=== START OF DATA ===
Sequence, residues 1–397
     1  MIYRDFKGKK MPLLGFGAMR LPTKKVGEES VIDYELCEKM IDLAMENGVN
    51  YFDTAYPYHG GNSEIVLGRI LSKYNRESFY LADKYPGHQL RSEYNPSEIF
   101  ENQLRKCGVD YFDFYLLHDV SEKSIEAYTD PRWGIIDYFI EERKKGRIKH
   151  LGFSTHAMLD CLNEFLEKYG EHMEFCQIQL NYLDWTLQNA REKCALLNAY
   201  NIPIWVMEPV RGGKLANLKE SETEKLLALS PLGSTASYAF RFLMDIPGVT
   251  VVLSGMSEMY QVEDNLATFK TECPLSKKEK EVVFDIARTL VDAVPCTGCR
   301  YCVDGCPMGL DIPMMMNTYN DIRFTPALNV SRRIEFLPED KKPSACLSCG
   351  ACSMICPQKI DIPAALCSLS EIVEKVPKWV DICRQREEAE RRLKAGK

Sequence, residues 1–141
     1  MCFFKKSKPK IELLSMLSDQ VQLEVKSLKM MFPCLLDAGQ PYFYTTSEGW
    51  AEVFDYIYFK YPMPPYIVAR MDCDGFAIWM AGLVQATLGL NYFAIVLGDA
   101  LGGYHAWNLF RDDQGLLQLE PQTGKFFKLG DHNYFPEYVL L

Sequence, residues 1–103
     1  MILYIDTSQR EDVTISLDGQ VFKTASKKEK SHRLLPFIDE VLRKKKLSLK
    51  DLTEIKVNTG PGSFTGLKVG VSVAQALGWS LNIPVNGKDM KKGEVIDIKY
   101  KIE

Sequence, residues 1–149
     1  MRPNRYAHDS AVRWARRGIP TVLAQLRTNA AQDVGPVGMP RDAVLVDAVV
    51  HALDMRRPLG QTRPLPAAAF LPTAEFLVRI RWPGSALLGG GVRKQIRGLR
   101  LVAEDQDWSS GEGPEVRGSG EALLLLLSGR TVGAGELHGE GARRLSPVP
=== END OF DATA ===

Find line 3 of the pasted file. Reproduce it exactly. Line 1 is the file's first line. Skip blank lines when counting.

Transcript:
    51  YFDTAYPYHG GNSEIVLGRI LSKYNRESFY LADKYPGHQL RSEYNPSEIF